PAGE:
The ugly, very public departure of Christopher Lydon and Mary McGrath from The Connection earlier this year has already been likened to a divorce. For listeners, then, Tuesday’s announcement that Dick Gordon will become the show’s new permanent host was akin to that moment when one or the other of a divorced child’s parents remarries: what was previously abstract becomes real.
Silly me. Despite assurances from insiders at WBUR Radio (90.9 FM) that it would never, ever happen, I had let myself believe there was still an outside chance that Lydon would return. That door has now been definitively shut. Not only will Lydon not be back, but neither will McGrath, his senior producer, who was officially replaced on Tuesday by Graham Smith.
No doubt Gordon, a veteran journalist for the Canadian Broadcasting Corporation and a globetrotter who’s reported from such locales as Bosnia, Sri Lanka, and Mozambique, will be a fine replacement. But it won’t be the same, and it will take time for the new team to get it right.
Several weeks ago, I tuned in to that day’s rebroadcast of The Connection while driving home. Gordon was interviewing theologians Carol Meyers and Ross Kraemer, co-editors (along with Toni Craven) of Women in Scripture, a scholarly feminist look at the Bible’s more than 500 women. Meyers and Kraemer proved to be more lively guests than you might imagine, and, for a time, it seemed the glory days of The Connection were back.
Then Gordon introduced Liz Curtis Higgs, the author of such books as Bad Girls of the Bible and Really Bad Girls of the Bible, who chirpily informed listeners that her work was for those who don’t want " a great big book on their shelf. " She also explained her technique for easing readers into Bible stories: " Delilah becomes Lilah, a hairdresser from Dallas, who cuts the hair of Judge Sam Nazar, who has enemies on the bench. "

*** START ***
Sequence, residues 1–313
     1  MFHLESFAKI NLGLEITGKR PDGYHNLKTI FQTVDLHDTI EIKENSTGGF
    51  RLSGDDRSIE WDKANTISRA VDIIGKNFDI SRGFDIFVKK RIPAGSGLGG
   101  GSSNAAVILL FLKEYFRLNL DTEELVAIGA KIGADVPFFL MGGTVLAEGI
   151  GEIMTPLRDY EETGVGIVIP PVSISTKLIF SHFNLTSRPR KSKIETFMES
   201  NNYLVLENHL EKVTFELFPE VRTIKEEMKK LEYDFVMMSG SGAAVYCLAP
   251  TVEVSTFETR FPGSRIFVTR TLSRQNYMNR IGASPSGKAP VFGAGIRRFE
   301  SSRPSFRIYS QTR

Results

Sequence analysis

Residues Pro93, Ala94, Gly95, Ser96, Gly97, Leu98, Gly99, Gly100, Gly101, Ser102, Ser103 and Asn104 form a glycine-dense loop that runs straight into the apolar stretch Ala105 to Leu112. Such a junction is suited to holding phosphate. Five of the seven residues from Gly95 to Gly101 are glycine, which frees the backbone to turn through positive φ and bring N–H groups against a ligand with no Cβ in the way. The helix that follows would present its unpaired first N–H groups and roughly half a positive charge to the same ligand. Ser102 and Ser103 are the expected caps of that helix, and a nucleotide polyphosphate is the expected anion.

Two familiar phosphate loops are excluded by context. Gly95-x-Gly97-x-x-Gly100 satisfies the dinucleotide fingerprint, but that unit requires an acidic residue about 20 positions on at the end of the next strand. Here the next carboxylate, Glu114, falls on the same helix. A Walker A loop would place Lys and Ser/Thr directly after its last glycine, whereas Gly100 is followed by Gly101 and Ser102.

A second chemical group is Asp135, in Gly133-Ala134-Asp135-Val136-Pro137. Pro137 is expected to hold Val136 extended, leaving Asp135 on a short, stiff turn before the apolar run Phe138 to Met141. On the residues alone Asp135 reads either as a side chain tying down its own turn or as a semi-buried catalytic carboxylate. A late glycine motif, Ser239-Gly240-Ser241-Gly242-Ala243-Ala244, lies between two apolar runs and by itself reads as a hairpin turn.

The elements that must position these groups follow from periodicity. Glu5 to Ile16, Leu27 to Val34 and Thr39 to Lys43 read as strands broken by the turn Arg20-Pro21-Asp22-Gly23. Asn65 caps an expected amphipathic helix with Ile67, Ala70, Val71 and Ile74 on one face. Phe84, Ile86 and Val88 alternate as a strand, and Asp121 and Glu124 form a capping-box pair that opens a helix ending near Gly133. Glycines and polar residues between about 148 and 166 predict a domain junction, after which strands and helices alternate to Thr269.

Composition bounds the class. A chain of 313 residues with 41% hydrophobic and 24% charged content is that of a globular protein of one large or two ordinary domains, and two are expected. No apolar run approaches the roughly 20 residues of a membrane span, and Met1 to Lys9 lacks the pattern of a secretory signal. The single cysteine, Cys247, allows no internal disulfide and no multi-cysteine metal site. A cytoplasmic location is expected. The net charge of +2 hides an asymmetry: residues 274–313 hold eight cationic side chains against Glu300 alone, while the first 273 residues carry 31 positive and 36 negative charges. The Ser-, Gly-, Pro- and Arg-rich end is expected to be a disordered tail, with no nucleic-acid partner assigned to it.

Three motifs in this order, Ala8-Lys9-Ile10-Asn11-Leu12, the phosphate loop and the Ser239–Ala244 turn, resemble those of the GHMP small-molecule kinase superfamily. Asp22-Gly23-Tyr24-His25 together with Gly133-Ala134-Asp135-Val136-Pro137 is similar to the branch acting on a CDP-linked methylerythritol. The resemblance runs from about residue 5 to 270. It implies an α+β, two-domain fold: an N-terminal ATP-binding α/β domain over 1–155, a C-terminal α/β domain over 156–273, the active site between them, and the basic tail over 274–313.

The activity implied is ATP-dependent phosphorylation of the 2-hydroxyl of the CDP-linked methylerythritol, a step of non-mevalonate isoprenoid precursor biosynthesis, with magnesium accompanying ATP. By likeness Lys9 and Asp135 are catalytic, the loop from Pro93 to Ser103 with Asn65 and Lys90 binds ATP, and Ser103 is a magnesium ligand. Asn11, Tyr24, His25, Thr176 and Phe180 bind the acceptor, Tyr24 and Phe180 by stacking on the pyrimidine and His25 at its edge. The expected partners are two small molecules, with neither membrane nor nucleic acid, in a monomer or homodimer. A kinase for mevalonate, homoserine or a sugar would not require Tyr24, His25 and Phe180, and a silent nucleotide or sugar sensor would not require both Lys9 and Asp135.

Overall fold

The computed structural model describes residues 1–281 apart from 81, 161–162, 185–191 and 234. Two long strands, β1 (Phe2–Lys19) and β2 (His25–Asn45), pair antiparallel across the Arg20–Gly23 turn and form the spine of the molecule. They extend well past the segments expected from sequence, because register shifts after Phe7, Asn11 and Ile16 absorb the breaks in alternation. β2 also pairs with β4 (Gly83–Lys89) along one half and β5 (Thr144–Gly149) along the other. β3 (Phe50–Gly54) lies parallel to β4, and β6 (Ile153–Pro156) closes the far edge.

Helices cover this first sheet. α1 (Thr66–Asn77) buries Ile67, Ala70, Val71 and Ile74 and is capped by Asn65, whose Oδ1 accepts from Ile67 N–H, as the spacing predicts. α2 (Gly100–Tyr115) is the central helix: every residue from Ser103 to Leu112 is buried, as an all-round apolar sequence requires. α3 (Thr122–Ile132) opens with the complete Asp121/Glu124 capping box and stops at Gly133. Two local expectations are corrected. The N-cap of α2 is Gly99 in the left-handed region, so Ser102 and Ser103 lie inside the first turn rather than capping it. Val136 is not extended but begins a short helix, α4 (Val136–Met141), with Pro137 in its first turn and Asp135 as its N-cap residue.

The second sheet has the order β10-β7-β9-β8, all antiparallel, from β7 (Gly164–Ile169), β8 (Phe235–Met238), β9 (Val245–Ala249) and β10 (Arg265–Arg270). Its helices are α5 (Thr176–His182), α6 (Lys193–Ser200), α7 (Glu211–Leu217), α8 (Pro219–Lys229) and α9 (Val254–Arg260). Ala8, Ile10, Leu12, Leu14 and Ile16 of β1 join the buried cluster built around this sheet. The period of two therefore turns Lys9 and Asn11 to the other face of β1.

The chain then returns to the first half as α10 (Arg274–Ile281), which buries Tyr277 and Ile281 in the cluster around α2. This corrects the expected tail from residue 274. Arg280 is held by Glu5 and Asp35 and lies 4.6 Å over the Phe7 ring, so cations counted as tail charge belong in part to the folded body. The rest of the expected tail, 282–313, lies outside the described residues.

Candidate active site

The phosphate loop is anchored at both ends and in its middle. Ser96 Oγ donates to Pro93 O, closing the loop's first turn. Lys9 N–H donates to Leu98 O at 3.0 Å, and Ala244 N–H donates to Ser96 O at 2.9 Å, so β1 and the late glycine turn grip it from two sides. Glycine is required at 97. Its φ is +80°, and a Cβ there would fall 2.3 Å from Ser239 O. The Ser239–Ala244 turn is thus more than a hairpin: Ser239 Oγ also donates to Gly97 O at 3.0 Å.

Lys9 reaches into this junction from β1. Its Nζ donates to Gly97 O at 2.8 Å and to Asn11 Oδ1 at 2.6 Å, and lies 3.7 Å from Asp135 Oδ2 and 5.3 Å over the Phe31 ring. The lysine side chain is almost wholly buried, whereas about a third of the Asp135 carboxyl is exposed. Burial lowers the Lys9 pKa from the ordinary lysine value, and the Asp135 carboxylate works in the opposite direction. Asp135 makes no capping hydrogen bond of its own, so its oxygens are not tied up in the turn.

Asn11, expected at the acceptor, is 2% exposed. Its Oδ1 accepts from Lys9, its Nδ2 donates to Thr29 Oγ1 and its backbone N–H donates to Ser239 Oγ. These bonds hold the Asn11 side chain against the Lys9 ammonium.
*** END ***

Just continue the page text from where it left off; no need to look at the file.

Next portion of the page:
I changed the station.
Though I had long lamented The Connection’s move to syndication, and thus to dropping local topics, at least Lydon was quintessentially Bostonian. So it was also disheartening to learn in Wednesday’s Boston Globe that Globe columnist Alex Beam (whose tryout, I thought, was quite promising) and Atlantic Monthly senior editor Jack Beatty had been dropped, and that the finalists, in addition to Gordon, had been National Public Radio’s Neal Conan and Nightline correspondent John Donvan.
Meanwhile, Lydon and McGrath, who left and/or were fired from The Connection earlier this year over a contract dispute with station general manager Jane Christo (see " Bobos in Radioland, " News and Features, April 27), continue making plans to make plans. In a recent post on the Web site ChristopherLydon.com, producer Jake Shapiro announced: " We’re on a summer webcast hiatus as we enter an important stage of putting the new show together for a fall launch. "
Both Christo and NPR vice-president for programming Jay Kernis told me earlier this year that they would consider carrying a syndicated Lydon show, although they made it clear that their first priority was The Connection.
The best-case scenario would be a WBUR line-up featuring a revitalized Connection with Gordon and Smith and a syndicated Lydon-McGrath show as well. It could happen. Realistically, though, it’s about as likely as a child’s wish that his divorced parents will get back together again.